Anyway, I felt the need for a good rant. Reasonable discussion of the topic is quite well represented here at Chez Poole. Those of us in Oblivia will try to keep the raving to a minimum. heh…Rob McDonagh#
  2. LOL Oh I love a good rant, don’t get me wrong. Here’s how typical “Enterprise Java” development works at my current employer (caution: rant):

    - Inherit application X, something horrible that isn’t documented, and needs a thorough re-write
    - … in approx. 3 weeks
    - … actually, make that 2 weeks
    - … the original developer has left the firm for a proper IT job
    - (makes you sick, doesn’t it)
    - … oh, but you also have to support application Y that went live last week, at the same time
    - (and applications B. C and D)
    - … by the way, ”support” means answering questions from users all over the world about why your outsourced infrastructure doesn’t work
    - … breathe deep and count to ten when you get the umpteenth mail from some bigwig enquiring why the site is down
    - resist the urge to point out to said bigwigs that it’s all their fault for outsourcing at the lowest price in the first place
    - start to design & code application X using MyEclipse (fine)
    - … but you need to use database Z
    - … scrabble around for an instance of database Z you can use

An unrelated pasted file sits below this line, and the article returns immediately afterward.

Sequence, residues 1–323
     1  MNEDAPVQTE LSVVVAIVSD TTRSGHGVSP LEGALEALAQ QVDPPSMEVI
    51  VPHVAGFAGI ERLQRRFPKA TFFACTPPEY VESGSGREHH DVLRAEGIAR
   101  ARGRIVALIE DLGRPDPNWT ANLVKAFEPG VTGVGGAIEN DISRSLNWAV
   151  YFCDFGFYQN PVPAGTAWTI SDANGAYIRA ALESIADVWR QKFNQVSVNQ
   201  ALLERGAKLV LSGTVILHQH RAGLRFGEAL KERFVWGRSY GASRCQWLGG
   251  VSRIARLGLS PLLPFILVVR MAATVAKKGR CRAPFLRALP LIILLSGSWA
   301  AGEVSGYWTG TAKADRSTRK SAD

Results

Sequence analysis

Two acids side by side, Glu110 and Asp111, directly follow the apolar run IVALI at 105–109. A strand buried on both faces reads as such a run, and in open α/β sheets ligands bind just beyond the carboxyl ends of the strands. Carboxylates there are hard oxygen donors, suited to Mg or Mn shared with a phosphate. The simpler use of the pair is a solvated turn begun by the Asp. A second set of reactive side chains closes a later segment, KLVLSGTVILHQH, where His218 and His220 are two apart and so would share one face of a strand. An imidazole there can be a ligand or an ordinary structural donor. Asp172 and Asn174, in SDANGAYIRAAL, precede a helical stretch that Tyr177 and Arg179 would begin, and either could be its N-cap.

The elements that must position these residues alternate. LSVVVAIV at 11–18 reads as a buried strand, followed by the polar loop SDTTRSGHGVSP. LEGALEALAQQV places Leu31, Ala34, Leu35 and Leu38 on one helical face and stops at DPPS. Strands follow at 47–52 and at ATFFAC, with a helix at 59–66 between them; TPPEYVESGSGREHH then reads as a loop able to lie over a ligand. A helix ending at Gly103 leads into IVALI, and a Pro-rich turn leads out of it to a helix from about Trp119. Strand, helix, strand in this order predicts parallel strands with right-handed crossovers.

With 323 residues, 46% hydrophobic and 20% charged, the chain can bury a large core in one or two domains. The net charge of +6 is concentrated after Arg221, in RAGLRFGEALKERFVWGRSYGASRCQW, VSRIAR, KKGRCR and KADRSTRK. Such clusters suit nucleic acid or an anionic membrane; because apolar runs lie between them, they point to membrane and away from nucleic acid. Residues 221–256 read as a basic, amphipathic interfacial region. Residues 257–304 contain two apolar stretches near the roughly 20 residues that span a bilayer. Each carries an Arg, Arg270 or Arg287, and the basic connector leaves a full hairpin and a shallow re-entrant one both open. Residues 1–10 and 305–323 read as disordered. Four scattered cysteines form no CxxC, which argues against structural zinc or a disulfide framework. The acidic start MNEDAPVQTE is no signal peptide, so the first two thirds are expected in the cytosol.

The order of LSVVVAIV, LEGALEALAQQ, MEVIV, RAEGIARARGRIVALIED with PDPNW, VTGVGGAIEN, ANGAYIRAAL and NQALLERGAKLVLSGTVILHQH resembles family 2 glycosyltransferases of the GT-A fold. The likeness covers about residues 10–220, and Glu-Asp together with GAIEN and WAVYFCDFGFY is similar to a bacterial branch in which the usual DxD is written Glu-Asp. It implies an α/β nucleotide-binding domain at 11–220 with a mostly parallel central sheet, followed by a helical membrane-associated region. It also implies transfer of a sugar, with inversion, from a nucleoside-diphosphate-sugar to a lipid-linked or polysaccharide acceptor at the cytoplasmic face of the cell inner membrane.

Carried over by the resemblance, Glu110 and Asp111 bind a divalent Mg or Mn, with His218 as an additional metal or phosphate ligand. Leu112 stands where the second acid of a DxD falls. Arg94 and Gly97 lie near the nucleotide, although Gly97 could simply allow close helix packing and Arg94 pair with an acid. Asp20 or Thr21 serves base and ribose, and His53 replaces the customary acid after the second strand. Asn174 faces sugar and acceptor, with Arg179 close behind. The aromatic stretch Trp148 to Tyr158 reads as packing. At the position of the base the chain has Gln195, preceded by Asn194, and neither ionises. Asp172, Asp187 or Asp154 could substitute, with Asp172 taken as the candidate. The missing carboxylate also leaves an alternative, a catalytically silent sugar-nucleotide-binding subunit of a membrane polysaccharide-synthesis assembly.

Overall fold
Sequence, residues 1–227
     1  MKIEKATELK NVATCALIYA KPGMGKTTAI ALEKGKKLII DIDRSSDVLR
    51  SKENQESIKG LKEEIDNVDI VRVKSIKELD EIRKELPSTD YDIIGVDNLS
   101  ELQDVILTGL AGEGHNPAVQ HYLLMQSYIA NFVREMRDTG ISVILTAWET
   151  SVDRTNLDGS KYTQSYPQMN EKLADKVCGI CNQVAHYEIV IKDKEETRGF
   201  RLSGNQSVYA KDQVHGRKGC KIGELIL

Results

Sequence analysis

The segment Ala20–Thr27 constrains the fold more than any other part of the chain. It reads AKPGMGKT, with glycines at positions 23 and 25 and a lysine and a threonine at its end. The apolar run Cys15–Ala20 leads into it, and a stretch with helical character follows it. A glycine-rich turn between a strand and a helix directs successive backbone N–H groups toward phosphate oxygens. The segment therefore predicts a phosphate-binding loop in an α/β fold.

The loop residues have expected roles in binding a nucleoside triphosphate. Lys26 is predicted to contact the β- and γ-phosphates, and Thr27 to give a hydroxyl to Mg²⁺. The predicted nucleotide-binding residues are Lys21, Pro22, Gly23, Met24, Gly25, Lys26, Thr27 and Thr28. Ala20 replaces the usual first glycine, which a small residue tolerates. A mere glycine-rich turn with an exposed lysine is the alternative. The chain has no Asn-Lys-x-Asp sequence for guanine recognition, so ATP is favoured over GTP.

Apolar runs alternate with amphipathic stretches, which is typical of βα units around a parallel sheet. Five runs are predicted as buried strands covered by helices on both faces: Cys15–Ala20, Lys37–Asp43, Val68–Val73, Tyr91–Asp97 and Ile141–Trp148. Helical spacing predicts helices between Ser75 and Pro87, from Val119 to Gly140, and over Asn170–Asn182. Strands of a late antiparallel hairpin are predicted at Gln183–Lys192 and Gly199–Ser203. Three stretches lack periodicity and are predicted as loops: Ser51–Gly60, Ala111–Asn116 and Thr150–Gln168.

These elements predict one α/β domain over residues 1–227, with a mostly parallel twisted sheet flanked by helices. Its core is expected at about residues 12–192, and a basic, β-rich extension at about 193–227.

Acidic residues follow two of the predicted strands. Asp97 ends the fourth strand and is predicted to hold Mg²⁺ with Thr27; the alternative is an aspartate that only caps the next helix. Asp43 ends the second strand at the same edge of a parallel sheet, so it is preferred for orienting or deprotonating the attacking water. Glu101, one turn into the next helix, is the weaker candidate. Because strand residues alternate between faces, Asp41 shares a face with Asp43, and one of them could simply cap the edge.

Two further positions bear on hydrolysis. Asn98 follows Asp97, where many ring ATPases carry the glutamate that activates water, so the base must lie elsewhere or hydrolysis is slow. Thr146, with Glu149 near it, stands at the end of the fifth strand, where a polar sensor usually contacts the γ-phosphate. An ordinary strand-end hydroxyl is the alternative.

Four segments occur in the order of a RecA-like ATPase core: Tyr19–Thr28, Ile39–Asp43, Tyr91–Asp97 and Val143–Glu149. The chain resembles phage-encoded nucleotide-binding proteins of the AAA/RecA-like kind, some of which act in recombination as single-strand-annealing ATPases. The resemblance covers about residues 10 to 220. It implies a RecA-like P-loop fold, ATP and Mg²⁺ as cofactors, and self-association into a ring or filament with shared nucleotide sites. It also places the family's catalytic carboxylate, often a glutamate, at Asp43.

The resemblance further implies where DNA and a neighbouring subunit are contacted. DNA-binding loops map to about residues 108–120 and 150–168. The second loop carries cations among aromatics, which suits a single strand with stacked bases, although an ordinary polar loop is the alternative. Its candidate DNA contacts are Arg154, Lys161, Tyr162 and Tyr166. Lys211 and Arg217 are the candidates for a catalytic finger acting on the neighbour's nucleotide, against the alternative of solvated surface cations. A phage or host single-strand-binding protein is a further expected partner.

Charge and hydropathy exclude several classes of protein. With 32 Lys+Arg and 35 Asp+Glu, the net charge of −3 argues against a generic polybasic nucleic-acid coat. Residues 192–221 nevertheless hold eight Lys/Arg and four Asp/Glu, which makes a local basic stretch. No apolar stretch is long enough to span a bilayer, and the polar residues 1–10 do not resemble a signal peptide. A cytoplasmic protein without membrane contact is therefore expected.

- … there’s a server running it, but you can’t access it over VPN (thanks to the Slammer virus)
    - … of course, you only discover this when working from home one day. Needless to say, the fact that you can’t access database Z over VPN isn’t documented
    - yes, database Z == SQL Server
    - OK, give in and install a local instance of SQL Server to work around this
    - … oh dear, SQL Server Express requires XP SP 2
    - … so carry on using the server instance
    - … discover that your server login doesn’t let you create, drop or edit tables

    Get the picture? Development environments are a nightmare. If developers had stuff that just feckin worked think of the things we could accomplish!Ben Poole#
  3. IBM must understand that today most developers are proficient in different IDEs, platforms and stuff. Nobody has the time to fiddle around with some crazy bonus-setUp steps, which anyway can be excecuted by a computer (code in Expeditor plug-in) much better than a human being.
    Axel Janssen#
  4. Looking forward to your project start to finish rant Ben.
    Reckon about five screens worth should cover it. I'll fill in the blanks if u miss anything.John Z Marshall#
  5. It’s too exhausting mate. Besides, I’ll be busy when I get back sorting out the mess left before I went on hols eh [smiley poke_tongue] Ben Poole#

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I’m a software architect / developer / general IT wrangler specialising in web, mobile web and middleware using things like node.js, Java, C#, PHP, HTML5 and more.

Best described as a simpleton, but kindly. You can read more here.